by Wendy Strgar May 09, 2012
Letting go is a real life choice. Not only a path to authentically stay present to the groundless situations that happen in our relationships, it is also a remarkable courageous surrender to controlling the outcome. The trade off of certainty for a real experience of the present moment is more than worth it as we hear author Laura Munson describe her season of unlikely happiness in “This is Not the Story You Think it is… Don’t miss the profound wisdom that comes with the courage of letting go and realizing how happiness is really an inside job.
Laura Munson is the author of the New York Times and international bestselling memoir This Is Not The Story You Think It Is: A Season of Unlikely Happiness (Amy Einhorn/Putnam 2010) which Book of the Month Club named one of the best books of the year. It has been published in nine countries and has been featured in Vanity Fair, Elle, Redbook, Time, Newsweek, Washington Post, Publisher’s Weekly and many other newspapers, magazines, and online venues across the globe. Laura speaks and teaches on the subjects of empowerment, personal responsibility, and emotional freedom at conventions, universities and schools, writing retreats/workshops, and wellness centers. Her work has been published in the New York Times, the New York Times Magazine, O. Magazine, The Week, Huffington Post, Redbook, Woman’s Day, Good Housekeeping, Ladies Home Journal, More Magazine, The Sun, The Shambhala Sun, Big Sky Journal and others. She has appeared on Good Morning America, The Early Show, WGN, many NPR stations, Hay House radio, as well as other media including London’s This Morning and Australia’s Sunrise. She lives in Montana with her family and horses.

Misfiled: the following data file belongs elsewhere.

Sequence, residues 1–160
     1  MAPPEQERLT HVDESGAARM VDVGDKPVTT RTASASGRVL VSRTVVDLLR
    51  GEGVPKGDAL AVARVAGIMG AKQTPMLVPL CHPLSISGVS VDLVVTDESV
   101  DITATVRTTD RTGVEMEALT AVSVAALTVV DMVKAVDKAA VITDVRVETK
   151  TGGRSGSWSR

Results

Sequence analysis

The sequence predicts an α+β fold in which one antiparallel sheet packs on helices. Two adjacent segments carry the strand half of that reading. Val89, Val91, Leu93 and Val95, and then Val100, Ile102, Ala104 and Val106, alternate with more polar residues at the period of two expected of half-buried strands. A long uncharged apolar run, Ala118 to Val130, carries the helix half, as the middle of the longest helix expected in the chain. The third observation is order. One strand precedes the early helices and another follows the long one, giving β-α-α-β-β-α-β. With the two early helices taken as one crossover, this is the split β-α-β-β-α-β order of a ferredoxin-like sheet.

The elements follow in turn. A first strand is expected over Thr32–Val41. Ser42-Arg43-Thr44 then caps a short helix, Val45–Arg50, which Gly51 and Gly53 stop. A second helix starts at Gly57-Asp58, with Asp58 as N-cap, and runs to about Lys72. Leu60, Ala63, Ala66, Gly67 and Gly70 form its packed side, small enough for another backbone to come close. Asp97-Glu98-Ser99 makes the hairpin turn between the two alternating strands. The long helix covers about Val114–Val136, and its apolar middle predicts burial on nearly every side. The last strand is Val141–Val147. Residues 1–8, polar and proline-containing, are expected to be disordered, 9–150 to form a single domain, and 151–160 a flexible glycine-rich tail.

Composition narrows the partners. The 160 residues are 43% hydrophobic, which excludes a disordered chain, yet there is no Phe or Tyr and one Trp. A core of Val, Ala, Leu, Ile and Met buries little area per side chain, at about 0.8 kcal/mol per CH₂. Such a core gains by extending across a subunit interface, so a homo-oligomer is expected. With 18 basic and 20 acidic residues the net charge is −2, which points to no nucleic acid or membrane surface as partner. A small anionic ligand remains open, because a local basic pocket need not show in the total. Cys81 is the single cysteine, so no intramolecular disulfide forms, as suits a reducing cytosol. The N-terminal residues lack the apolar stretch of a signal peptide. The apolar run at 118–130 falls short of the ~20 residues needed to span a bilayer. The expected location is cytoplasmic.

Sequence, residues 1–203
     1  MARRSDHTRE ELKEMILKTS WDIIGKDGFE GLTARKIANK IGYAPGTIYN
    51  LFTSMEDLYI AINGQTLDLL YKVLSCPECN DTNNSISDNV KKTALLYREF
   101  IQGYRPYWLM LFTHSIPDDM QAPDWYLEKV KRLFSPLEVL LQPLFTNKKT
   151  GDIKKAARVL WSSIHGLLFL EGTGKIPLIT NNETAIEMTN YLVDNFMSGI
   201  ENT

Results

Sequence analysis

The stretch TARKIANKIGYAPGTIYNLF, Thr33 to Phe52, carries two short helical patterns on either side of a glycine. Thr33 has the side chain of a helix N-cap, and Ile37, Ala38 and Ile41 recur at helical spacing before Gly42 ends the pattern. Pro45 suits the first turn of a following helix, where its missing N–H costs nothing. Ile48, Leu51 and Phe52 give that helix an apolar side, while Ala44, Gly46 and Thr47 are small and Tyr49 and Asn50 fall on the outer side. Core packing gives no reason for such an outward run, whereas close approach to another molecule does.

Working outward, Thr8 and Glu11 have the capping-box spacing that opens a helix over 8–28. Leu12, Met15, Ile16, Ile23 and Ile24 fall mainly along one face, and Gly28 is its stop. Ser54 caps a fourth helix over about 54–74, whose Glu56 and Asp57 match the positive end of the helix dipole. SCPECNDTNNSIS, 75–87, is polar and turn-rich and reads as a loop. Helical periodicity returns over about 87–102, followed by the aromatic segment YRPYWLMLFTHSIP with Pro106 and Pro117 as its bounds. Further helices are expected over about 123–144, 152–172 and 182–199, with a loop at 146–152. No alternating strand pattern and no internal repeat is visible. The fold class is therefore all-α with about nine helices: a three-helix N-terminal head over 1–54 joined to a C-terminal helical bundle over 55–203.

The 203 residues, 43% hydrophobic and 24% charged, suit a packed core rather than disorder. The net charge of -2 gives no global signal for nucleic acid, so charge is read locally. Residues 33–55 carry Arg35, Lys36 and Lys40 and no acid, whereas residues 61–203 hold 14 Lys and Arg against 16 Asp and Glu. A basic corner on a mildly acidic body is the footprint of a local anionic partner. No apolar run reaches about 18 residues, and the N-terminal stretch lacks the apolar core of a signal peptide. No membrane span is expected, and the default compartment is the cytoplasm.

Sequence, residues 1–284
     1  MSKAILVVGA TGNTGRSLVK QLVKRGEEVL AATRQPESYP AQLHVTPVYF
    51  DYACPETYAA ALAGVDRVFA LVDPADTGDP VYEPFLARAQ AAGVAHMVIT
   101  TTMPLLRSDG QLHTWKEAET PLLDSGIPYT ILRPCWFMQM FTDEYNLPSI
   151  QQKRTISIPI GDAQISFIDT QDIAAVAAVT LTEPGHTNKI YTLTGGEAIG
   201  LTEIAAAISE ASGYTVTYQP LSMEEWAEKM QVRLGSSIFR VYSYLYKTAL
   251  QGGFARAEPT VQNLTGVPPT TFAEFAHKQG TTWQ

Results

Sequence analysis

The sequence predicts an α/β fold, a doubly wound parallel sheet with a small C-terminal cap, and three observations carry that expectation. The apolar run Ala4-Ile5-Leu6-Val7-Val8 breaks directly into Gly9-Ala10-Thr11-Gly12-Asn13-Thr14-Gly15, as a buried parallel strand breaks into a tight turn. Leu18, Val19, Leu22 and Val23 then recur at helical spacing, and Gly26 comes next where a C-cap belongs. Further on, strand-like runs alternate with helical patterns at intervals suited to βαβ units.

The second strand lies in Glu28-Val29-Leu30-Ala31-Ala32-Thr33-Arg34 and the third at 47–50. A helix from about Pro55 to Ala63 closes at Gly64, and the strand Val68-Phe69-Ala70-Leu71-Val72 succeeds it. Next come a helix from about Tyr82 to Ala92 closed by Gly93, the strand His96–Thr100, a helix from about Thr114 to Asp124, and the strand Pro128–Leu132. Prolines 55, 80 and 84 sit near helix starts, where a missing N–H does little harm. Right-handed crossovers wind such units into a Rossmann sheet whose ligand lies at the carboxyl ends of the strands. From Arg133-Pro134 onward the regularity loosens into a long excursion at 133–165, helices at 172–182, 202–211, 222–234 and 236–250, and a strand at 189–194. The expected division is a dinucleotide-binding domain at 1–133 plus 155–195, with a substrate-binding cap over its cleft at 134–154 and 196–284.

by Wendy Strgar October 25, 2018
“It is only with the heart that one can see rightly; what is essential is invisible to the eye.” –Antoine de Saint-Exupery
We believe we are making it better by shielding ourselves from our own pain. This is a fool’s errand, for the pain we refuse to feel and acknowledge doesn’t dissipate from our lacking attention, but rather collects in our heart center with a weightiness that we often cannot name or discern. So fearful are we, of the potential of a broken heart, that we inadvertently refuse to open our hearts at all.
by Wendy Strgar September 13, 2018